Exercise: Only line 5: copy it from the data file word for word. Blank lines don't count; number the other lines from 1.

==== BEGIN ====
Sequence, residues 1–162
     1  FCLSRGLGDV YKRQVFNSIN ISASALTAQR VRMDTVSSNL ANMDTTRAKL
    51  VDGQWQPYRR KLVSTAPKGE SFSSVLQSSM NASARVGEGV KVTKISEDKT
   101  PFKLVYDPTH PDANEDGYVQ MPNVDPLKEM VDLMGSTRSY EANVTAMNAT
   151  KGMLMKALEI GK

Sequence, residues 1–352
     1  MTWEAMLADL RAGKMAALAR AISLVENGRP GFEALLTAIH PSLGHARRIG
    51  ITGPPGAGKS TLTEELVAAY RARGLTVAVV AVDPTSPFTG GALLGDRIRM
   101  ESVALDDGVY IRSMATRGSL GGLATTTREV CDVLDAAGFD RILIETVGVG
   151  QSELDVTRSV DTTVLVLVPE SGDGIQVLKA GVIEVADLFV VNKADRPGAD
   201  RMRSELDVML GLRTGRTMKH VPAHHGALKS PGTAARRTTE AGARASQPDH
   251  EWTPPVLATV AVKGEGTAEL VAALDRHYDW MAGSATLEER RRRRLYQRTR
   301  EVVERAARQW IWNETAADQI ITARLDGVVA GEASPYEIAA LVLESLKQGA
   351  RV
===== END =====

   151  KGMLMKALEI GK